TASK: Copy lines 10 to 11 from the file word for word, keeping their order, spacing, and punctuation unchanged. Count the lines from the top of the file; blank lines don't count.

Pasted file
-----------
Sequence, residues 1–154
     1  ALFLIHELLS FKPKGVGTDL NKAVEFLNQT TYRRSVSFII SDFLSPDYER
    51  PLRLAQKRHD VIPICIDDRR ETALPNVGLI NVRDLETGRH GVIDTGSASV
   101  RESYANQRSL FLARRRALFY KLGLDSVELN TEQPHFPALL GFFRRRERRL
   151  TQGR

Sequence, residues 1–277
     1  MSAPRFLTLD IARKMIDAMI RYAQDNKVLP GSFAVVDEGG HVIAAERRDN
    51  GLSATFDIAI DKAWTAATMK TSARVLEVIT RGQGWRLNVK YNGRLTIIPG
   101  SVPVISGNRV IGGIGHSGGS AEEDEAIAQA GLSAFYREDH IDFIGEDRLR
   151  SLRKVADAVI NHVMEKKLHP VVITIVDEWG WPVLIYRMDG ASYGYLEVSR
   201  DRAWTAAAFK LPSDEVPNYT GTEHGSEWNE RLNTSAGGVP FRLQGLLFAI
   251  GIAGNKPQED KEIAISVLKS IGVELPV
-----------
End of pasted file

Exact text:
   151  SLRKVADAVI NHVMEKKLHP VVITIVDEWG WPVLIYRMDG ASYGYLEVSR
   201  DRAWTAAAFK LPSDEVPNYT GTEHGSEWNE RLNTSAGGVP FRLQGLLFAI